Program Director/Principal Investigator (Last, First, Middle): De La Torre, Juan C. 1R01 AI075298-01A2 Viruses can induce a variety of disease states in the central nervous system. Meningitis is a potentially fatal disorder induced by a long list of human pathogens, including viruses, and is often associated with symptoms that include fever, headache, stiffness of the neck, and seizures. Presently, very little can be done for patients with viral meningitis other than to relieve symptoms. We propose that a detailed understanding of this pathogenic process in real time may foster the development of novel interventions to alleviate symptoms and prevent permanent neurological dysfunction and fatalities. To accomplish this goal we propose to study the well-described meningitis induced by lymphocytic choriomeningitis virus (LCMV), a noncytopathic mouse as well as human pathogen. Intracerebral inoculation of mice with LCMV results in a fatal meningitis within 6 days that is mediated almost entirely by cytotoxic lymphocytes (CTL). Importantly, this disease can be completely prevented by prior vaccination or immunization. The dynamics of cellular interactions in the meninges during failed or effective control of infection have not been studied previously. Moreover, the precise mechanisms that mediate fatal injury in this model are not entirely understood. We will utilize a combination of state-of-the art viral reverse genetics, fluorescently-tagged immune cells, and two-photon laser scanning microscopy in combination with in situ staining for different molecular species to follow the local immune cell dynamics in the LCMV-infected mouse cerebral cortex and meningeal space. Our hypothesis is that CTL damage to astrocyte networks in the CNS leads to generalized fatal seizure during acute LCMV-induced meningitis, and that rapid responsiveness and the use of alternative effector mechanisms by activated memory T cells in vaccinated mice results in limited damage to astrocyte networks, maintenance of the blood brain barrier, and survival. This hypothesis will be addressed by the two focused following specific aims: 1) Completion of the first real time analyses of interactions between CTL and CNS targets infected by fluorescently-tagged LCMV, and 2) in vivo evaluation of immunological synapse formation and molecular mechanisms involved in CNS CTL targeting and damage.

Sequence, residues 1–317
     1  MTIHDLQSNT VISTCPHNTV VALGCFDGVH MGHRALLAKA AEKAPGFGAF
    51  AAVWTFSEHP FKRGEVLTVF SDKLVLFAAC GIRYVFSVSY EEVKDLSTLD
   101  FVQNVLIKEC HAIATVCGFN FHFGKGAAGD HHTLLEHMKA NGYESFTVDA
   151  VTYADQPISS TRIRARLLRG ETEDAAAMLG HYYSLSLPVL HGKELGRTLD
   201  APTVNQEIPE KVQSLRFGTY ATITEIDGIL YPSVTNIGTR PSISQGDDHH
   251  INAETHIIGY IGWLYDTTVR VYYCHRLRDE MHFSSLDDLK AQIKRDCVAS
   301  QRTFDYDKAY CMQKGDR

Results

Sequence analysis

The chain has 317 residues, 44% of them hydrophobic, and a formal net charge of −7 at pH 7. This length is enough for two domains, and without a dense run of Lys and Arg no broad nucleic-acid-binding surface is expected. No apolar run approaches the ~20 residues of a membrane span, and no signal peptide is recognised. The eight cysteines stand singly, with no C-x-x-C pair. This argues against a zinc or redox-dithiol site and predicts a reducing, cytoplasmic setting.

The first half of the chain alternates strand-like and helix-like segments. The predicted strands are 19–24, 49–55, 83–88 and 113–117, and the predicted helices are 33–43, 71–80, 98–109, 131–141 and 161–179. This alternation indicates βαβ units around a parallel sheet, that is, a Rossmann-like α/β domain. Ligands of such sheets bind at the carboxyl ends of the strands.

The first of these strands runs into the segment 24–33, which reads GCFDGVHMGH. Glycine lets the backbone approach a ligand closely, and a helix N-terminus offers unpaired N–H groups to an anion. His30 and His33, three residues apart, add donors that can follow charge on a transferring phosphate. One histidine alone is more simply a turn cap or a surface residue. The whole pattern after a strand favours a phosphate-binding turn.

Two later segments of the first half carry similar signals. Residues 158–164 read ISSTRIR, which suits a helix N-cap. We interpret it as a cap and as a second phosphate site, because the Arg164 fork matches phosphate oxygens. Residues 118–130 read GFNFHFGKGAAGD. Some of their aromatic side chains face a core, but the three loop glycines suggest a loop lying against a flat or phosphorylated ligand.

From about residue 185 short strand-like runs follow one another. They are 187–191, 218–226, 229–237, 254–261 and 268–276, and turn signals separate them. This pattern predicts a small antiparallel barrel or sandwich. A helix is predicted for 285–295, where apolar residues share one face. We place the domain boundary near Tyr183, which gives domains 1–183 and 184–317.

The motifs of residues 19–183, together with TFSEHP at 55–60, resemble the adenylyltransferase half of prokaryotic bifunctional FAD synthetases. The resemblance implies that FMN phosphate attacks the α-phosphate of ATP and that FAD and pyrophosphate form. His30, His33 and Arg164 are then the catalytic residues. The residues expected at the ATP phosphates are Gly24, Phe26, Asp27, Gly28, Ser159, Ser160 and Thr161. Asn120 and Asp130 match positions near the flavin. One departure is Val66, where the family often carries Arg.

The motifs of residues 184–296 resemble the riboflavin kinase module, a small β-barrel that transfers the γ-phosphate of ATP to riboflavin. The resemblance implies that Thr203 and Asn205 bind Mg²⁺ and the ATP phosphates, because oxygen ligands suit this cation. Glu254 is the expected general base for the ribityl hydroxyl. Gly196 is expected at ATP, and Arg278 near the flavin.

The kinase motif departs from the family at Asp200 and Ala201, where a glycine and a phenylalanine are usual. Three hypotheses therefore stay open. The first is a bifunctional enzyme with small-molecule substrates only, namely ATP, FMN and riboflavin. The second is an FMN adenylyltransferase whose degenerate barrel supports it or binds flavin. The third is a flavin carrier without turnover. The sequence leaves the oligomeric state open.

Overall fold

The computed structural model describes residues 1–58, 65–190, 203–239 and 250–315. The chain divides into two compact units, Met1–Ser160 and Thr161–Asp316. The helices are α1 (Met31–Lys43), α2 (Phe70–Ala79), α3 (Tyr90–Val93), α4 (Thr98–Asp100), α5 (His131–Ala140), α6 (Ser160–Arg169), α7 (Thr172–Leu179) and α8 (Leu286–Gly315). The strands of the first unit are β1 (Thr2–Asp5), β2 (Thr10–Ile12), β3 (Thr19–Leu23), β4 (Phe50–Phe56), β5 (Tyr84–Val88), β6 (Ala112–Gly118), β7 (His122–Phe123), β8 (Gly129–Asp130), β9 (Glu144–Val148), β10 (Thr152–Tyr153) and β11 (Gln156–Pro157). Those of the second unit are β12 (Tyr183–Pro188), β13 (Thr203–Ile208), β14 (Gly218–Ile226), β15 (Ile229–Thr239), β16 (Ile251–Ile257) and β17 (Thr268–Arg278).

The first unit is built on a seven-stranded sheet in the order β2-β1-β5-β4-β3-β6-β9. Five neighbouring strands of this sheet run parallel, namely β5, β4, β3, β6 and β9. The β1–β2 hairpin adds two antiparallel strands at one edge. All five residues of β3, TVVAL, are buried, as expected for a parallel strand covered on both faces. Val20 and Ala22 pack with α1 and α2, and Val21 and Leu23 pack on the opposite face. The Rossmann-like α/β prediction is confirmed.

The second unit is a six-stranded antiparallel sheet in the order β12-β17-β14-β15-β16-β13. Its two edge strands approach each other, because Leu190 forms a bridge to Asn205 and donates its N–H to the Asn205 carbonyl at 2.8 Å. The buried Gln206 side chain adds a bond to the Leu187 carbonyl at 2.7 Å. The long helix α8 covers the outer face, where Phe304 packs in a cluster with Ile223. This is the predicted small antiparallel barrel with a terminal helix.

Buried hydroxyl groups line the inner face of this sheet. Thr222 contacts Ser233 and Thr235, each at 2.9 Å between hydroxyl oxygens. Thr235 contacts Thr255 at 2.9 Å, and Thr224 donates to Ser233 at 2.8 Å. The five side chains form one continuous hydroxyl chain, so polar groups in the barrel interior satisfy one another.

Meningitis is a disease state in humans initiated by infection of the lining of the brain (or meninges). A considerable number of human viruses can induce this disease state and the symptoms include fever, headache, stiffness of the neck, and seizures. While many viral infections are purged from the meninges without incident, an inflammatory reaction in this sensitive brain region can sometimes result in long term neurological disability or even fatalities. Presently, little is known about the immune mechanisms that mediate injury to the meninges following viral infection. Thus, the proposed study will conduct the first intravital analyses to visualize and dissect the inflammatory reaction on the surface of the virally infected brain in real time. PHS 398/2590 (Rev. 09/04, Reissued 4/2006) Page Continuation Format Page
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